FDA Wants Proof that Sanitizers Actually Work

We’ve talked about this on this blog before… there really isn’t any proof that sanitizers actually work. I’m guessing that the FDA has read my blog 🙂 because they are now asking for proof that these so called disinfectants actually do work.

The FDA isn’t saying that they don’t work, they are just asking manufacturers to provide proof that they actually do; proof that they are going to have a hard time providing because studies have shown that 1. the alcohol in the disinfectants has to be on the surface for much longer than it is in almost all instances and 2. germs and bacteria that aren’t killed produce super germs that are now immune.

Check out the full article at http://www.today.com/health/fda-wants-proof-hand-sanitizers-work-t100392

 


Deadly Pneumonia tied to Windshield Washer Fluid

Researchers into the causes of deadly pneumonia realized that it was caused by the legionnaires’ disease bacteria. What they couldn’t figure out was why it seemed to be connected to riding in the car.

A new report seems to have found the answer and it’s rather strange. Apparently it’s the windshield washer fluid. The windshield washer fluid seems to be a breeding ground for the deadly bacteria. When you spray that fluid the bacteria become airborne. In one study in Arizona, 3/4 of the school buses tested had bacteria levels high enough to cause an outbreak of Legionnaires’ disease.

Health officials aren’t issuing a safety precaution as of yet saying that further study is needed. With the warmer weather coming, or already here, however, it is important that awareness spread.

Legionnaires’ disease is more prevalent in the summer than in the winter. This is partly because the bacteria multiplies faster in warmer water but it is also because warmer weather means open windows in vehicles. When the window is open and the driver sprays the window with windshield washer fluid, people are exposed, either through splatters or through the airborne bacteria.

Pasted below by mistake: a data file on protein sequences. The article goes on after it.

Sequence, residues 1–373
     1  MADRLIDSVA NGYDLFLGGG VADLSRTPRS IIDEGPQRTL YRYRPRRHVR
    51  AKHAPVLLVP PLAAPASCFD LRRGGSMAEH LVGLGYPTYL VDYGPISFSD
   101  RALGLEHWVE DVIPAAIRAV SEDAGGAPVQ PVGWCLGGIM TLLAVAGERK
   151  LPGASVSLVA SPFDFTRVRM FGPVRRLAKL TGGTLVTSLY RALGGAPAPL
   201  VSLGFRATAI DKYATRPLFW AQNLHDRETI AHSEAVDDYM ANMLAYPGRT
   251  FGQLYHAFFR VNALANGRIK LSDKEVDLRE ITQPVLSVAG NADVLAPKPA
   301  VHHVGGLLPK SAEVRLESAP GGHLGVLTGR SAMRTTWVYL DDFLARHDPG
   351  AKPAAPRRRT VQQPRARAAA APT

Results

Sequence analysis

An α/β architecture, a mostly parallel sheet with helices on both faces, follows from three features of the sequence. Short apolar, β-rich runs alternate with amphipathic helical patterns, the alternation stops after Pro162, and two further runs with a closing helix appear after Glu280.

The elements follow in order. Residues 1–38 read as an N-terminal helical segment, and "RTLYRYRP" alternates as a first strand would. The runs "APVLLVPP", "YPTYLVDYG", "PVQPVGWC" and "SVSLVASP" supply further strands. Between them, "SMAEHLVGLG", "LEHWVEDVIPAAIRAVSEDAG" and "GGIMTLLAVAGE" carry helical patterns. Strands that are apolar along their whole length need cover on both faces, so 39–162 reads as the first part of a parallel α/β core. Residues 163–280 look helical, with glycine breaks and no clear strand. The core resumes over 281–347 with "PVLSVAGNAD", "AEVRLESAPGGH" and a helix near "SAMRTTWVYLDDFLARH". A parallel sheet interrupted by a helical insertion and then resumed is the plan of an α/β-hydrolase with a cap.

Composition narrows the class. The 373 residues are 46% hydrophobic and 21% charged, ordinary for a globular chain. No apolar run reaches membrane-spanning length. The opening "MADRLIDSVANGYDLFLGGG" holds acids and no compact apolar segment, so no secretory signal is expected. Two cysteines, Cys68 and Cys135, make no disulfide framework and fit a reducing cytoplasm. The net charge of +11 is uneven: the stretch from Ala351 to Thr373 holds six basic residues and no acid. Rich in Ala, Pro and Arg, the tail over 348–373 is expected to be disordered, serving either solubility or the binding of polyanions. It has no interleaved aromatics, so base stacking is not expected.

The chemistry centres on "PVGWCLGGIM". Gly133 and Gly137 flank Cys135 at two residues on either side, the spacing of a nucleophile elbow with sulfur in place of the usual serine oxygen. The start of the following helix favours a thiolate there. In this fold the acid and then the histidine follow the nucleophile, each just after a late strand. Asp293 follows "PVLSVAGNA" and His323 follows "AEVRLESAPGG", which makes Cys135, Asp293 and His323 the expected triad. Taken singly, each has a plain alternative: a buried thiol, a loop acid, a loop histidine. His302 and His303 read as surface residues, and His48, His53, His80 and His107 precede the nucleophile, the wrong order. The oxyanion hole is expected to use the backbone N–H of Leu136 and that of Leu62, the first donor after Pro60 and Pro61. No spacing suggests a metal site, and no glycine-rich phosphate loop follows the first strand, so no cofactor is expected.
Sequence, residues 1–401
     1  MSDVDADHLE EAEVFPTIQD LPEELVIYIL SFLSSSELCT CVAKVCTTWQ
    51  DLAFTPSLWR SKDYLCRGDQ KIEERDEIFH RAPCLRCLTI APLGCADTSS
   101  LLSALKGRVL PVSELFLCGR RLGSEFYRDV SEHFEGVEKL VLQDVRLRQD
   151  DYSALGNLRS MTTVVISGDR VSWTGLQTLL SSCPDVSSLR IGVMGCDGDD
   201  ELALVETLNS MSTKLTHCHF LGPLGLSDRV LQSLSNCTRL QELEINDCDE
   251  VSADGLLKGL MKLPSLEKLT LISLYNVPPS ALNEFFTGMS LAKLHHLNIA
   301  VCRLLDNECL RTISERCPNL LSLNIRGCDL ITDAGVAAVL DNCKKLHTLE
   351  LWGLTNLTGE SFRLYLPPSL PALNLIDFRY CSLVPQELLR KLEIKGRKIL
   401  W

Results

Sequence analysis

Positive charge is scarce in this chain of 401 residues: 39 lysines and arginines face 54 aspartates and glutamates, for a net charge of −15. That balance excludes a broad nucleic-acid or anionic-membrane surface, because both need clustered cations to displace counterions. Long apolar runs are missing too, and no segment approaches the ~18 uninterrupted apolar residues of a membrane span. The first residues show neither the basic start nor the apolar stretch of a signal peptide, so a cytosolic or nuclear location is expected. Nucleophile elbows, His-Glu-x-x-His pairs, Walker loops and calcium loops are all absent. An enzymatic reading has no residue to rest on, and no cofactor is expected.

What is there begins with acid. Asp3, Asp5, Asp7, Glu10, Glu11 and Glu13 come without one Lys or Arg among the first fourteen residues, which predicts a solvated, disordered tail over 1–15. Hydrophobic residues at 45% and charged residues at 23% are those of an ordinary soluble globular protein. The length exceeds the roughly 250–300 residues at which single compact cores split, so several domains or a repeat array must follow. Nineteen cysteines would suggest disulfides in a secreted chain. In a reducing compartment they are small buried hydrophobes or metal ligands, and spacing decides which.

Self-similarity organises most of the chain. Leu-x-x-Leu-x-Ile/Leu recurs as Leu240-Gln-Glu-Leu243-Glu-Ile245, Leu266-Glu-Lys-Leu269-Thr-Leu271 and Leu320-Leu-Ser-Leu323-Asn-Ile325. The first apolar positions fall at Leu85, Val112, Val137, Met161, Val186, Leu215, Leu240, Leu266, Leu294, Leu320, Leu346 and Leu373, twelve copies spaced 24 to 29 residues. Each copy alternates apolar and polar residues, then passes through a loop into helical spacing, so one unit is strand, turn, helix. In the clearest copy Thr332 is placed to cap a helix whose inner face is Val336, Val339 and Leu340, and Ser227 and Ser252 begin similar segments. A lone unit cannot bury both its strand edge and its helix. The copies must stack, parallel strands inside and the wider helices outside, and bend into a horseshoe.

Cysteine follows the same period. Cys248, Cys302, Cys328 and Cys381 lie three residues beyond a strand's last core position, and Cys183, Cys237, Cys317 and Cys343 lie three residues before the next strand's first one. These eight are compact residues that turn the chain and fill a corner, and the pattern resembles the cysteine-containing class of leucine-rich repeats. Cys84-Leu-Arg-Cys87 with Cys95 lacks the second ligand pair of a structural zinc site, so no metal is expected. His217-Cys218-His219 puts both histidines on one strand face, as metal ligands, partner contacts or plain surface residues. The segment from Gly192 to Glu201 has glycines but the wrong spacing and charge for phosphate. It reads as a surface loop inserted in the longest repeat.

It seems like only common sense to close the windows when spraying fluid on the windshield, being especially cautious when elderly people or people with weakened immune system are riding in the car.

Read more about this issue here.


Antibacterial Soaps to be banned?

We’ve mentioned this before (See the blog post here), antibacterial soaps simply don’t work. There is absolutely no proof that they help prevent the spread of germs.

In spite of this, they seem to be everywhere, even in supermarkets and small stores for patrons to use to supposedly protect from germs. And therein lies the problem. Because the widespread use of antibacterial soaps the FDA is now looking at imposing stricter controls because the main active ingredient triclosan seems to be interfering with hormone levels and helping produce “super bugs” that resistant to drugs.

The FDA is now going to require manufacturers of antibacterial soaps to show proof that their products are more effective in fighting germs than soap and regular water alone. If they can not do so they will have to relabel, reformulate or remove the products from market.

Unfortunately this isn’t going to happen overnight. Manufacturers apparently have until the end of 2016, three years from now, to respond. That’s three years of these products potentially continuing to produce bacteria that isn’t going to respond to antibiotics and other drugs. It might be a little too little a little too late.

 


Have you ever heard of “Saxophone Lung”?

Sax

Saxophone lung? Chances are that you’ve never heard of it. Saxophone Lung is a relatively rare condition caused by bacteria and mold build up inside a wind instrument.

An article in the Huffpost, for example, details a man who, never having cleaned his saxophone for over 30 years, developed a persistent cough and wheezing that wouldn’t clear up, even after being given steroids.

Though this example is somewhat extreme (really?!?! 30 years playing an instrument that you spit in every time you play it and you don’t ever clean it? Yuk!) similar cases have been documented.